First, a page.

How to Create a Fitness Habit
Tips to make sure 2021 is your best year yet
Building a fitness habit starts with behavior change, which begs the question: Am I ready to make a change? If the answer is yes, it’s time to move on to three steps that lead to behavior change: contemplation, action and maintenance. These steps utilize the below four tools that optimize our ability to navigate this journey:
1. Use small wins along the way. These are benchmarks that show you’re making changes and heading in the right direction.
2. Live through the vicarious experiences of others. Using others’ success, trials and tribulations give you real-world examples to follow.
3. Understand your current emotional state. We are all emotional beings. Tapping into who you are, what you struggle with and past experiences will give you insight into your current struggles and required support.
4. Accept verbal and social persuasion. Create a network of people that will support you, push you and celebrate your small wins. Sometimes, we need others to inspire us to keep going. That’s okay.
This is the stage where we ask ourselves why we want to do something and then figure out what that might be. From a new routine like waking up early, working out regularly or changing your diet, this is the time when you need tools to make a decision. You need to take an honest assessment about the feasibility of beginning this change. For example, if you want to embark on a 30-day, no-added-sugar challenge, you’ll need to learn what sugar is, what it’s often called and forms you might be exposed to. Then you’ll need to seek out someone who’s completed a challenge like this and ask them questions like:
1. What was their experience?
2. What were some of their biggest challenges?
3. Did they feel a difference?
4. Were they able to keep the behavioral change going after the challenge?
5. What advice do they have for you?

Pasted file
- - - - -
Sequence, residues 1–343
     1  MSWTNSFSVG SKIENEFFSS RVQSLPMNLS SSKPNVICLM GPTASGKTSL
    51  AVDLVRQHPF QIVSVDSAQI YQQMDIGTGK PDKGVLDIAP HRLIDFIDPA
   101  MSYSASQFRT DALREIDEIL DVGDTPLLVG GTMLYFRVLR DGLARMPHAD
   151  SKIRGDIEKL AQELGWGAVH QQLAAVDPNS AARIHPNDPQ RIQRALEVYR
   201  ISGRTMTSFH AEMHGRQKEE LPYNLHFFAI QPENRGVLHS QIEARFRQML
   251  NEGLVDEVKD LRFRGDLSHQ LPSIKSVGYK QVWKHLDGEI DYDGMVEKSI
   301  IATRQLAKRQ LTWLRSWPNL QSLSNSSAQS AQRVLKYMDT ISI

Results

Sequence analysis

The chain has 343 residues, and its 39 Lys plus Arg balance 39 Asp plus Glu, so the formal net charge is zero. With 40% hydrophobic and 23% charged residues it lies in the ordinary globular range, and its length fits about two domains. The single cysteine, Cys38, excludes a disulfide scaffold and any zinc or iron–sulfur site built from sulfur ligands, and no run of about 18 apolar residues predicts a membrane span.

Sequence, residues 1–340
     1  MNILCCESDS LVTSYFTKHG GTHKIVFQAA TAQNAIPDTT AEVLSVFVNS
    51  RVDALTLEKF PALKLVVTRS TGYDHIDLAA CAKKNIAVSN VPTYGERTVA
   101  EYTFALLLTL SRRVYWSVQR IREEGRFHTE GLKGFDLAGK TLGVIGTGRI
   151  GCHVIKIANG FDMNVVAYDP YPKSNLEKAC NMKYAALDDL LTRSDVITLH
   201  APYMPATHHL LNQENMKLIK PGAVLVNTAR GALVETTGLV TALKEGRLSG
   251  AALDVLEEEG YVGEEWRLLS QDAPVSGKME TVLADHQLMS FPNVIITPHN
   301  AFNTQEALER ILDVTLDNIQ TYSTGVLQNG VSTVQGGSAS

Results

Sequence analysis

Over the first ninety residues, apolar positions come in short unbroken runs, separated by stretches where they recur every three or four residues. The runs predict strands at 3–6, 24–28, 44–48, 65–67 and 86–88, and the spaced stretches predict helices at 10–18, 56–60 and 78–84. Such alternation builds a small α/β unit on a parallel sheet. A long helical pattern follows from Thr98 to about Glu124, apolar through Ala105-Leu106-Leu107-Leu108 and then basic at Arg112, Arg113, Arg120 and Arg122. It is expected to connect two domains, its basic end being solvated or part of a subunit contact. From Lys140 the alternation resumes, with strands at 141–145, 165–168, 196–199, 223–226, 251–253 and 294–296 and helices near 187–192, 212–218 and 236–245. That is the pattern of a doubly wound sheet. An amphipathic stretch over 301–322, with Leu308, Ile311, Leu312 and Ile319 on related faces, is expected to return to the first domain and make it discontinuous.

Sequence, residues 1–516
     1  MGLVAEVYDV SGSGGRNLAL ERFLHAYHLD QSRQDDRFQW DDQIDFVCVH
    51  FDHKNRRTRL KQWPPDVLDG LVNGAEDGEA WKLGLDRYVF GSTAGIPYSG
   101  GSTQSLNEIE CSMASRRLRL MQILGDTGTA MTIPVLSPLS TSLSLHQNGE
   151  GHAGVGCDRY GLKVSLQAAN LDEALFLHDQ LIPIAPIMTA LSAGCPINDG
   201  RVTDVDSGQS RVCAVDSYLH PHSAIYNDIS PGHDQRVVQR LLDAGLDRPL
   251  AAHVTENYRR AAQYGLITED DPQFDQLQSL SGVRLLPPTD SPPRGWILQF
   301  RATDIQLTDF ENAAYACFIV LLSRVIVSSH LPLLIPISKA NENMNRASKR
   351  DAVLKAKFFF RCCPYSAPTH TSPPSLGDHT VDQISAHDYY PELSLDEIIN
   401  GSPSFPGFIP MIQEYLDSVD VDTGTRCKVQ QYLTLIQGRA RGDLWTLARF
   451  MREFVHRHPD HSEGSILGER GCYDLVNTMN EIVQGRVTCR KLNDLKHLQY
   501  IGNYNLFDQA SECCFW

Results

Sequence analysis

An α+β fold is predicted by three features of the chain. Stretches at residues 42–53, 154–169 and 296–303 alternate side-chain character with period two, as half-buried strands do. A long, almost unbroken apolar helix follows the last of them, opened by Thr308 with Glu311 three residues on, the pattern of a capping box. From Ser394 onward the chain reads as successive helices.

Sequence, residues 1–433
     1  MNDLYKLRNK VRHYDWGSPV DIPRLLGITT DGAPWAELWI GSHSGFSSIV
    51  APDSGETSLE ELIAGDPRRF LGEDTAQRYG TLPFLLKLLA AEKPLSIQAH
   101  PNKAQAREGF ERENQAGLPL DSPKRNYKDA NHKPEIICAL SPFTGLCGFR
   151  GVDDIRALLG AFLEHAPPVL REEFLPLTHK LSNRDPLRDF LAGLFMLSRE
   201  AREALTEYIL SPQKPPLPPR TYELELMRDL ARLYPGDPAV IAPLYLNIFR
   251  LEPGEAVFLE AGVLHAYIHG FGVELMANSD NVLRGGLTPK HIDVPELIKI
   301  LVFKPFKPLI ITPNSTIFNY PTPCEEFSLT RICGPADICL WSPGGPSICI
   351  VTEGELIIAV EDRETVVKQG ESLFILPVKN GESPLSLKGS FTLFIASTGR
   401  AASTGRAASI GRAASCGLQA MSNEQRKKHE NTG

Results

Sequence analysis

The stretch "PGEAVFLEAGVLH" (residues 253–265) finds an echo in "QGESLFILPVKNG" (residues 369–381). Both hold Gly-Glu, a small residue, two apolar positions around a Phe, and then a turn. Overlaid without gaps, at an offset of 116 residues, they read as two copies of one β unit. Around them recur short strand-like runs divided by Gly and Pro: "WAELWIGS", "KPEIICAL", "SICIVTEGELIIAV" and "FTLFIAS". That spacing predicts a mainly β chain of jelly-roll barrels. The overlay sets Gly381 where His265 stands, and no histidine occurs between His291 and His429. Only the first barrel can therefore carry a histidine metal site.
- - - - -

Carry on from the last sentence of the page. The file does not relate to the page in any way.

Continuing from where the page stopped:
Once you’re here, you’re in. You’re starting to create the habit. It takes about 66 days to create a substantial behavioral change that will become part of who we are, so this stage is all about consistency, support and small steps. Using the example above, if you’re removing added sugar from your diet, a tool to use would be a point system. You get one point each time you have added sugar. Zero points across a day would mean that you had no added sugar. This strategy helps prevent discouragement if you slip or make a mistake, but also gives some objective data on how your progress is going. It doesn’t need to be all or nothing, which can lead to early burnout. This is a tool for support and accountability.
We know that we need to keep this behavior for 66 days to make it a part of who we are. Therefore, the action phase will bleed into the maintenance phase. The goal for this phase is to make tweaks to make the action become a realistic lifestyle for you. From family to work, many factors will come into play here. We must make time for things that are “necessary” but also allow this new behavior to enter the conversation of necessity. Using your social circles to help you, it’s important to surround yourself with individuals that support your lifestyle choices. More often than not, who we surround ourselves with will be the determining factor in our long-term success.